By Chris Hamilton, MITO.
For 18 year-year-old Owen Thornton, a job in the mining and quarrying industry was always in the back of his mind but, as he was still at school, he wasn’t sure how to get his foot in the door.
“I’d been pretty intrigued by the industry for a while, but never really had a good idea of how to learn more about it and get a job,” he admits.
“Then RockUp launched last year, which was awesome, so I enrolled, and it turned out great.”
Owen was the first student to complete MITO’s RockUp programme, which offers secondary school students the chance to earn credits and a micro-credential approved by NZQA. Students complete theory courses via eLearning, then spend one day a week on-the-job to complete their practical assessments.
While a learning curve for Owen, it was also one for Daryl McMillan, Area Manager at Road Metals, Owen’s work placement in Kaikoura.
“We actually learnt a lot from Owen and the MITO system about how we can make things better on our side,” Daryl says.
“My quarry and logistics team loved having somebody around who wanted to learn all about the processes. The experienced team members get fantastic satisfaction in their own roles by imparting knowledge and skills.”
Daryl describes that Owen’s training covered; “the extraction, supply, crushing and delivery of aggregates and sand.”
Owen explains how effective the training was from Daryl and his team and says; “it was really interesting and so much easier than sitting at a desk. The crew was really cool too.
“They’d explain how to do it and if you had any questions, you could just ask as you’re doing it. The one-on-one interaction was great.”
Daryl elaborates how important it is for experienced employees to invest in and impart their knowledge on to people just starting out.
“Investing in training is good for the industry and individual companies. Trained people have a greater job satisfaction, are more efficient, more effective and a lot safer in what they do, which is so important in these high hazard zones.
“The quality improves, the production improves, and the overall cost of the business actually decreases.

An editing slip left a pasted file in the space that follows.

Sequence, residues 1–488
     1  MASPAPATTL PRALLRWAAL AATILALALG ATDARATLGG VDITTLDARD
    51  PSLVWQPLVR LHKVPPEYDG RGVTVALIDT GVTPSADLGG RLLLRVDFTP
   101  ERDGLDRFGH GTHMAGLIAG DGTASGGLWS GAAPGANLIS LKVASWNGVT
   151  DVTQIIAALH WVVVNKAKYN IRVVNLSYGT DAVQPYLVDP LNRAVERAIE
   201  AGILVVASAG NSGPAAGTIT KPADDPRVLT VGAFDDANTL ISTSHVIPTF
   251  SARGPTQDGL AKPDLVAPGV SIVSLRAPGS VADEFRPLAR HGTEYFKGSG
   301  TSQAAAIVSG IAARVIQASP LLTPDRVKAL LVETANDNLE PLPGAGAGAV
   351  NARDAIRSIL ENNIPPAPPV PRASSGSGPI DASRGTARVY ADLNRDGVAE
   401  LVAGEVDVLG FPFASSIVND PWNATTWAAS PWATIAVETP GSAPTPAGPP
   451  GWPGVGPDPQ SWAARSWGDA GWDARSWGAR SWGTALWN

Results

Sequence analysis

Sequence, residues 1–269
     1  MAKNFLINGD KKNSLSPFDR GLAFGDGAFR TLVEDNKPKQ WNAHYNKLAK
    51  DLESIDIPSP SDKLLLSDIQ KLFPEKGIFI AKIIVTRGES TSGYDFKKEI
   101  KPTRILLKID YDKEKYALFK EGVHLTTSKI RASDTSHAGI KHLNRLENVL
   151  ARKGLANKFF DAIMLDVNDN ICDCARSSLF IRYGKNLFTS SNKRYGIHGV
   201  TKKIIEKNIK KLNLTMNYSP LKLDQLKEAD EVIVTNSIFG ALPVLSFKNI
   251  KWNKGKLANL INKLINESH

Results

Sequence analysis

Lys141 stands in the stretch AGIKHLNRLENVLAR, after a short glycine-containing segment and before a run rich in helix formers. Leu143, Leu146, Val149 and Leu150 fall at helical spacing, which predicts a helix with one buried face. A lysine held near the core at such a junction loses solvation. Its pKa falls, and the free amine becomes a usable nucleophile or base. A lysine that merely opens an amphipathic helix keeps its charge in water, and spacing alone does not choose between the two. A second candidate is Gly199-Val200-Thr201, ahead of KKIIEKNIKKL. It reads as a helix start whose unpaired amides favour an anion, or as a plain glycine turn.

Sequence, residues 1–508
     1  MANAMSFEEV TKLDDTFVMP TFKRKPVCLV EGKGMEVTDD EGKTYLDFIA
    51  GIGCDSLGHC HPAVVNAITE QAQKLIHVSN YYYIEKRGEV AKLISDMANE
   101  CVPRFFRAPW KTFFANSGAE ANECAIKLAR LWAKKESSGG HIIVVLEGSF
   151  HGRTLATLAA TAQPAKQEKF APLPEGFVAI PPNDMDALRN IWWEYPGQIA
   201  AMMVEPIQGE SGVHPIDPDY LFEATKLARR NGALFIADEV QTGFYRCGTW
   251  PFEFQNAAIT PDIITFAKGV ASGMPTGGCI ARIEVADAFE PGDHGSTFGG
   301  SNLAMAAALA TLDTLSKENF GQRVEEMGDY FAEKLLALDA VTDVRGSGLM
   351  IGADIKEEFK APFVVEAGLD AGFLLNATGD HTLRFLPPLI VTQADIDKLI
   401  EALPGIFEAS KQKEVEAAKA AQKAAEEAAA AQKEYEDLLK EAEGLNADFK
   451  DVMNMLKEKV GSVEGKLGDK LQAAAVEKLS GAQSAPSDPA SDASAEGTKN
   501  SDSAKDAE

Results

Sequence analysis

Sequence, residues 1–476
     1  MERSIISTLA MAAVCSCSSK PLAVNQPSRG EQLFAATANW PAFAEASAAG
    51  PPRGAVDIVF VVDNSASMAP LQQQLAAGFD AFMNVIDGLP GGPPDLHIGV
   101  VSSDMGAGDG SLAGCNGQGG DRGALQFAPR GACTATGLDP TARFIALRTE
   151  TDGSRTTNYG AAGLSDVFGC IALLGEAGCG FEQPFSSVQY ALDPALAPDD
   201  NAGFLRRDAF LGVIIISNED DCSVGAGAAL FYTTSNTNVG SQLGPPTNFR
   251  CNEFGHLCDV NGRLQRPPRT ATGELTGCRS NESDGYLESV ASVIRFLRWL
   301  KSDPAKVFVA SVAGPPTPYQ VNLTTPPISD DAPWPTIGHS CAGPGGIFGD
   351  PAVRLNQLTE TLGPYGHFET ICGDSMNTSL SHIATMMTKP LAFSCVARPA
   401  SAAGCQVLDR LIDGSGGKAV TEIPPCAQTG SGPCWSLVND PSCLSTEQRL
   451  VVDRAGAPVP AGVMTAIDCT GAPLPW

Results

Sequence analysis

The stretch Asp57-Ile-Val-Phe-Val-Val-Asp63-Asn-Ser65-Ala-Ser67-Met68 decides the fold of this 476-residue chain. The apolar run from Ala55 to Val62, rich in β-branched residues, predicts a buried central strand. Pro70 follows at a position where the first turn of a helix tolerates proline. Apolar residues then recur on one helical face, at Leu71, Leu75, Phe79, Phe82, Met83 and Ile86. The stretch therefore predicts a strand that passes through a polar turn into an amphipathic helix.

“Owen was fantastic,” Daryl adds.
“He jumped into anything. You’d give him the induction, training and put him through with one of our operators. After a couple of days, he’d almost be ready to go solo.”
As Owen explains, each day learning through the programme varied.
“Daryl showed me the whole operation so one day you’d be seeing how operators loaded up the trucks, and then the next day you might be working the diggers. Eventually, you got to use the crusher on the quarry.”
While RockUp is designed as an introduction to the industry, Owen’s future plans have definitely been inspired by his time at Road Metals.
“I’m looking at getting my explosives ticket on the West Coast because that’s a good way to get into the mines. Hopefully one day I can really get stuck into it.”
Although the first, Owen certainly won’t be the last trainee at Road Metals. As Daryl says; “I’m wanting to bring more people through, so they can start to see there’s a solid profession and career in this industry.
“Road Metals have four of our team members undertaking their B Grade in March, two of which are from our Kaikoura Operation.
“After, our plan is to undertake a Grade A and Health & Safety Level 4 certification. Training is an investment in our team, our profession and clients alike.
“Literally everyone wins.”
This article was first published in the April issue of Quarrying and Mining Magazine.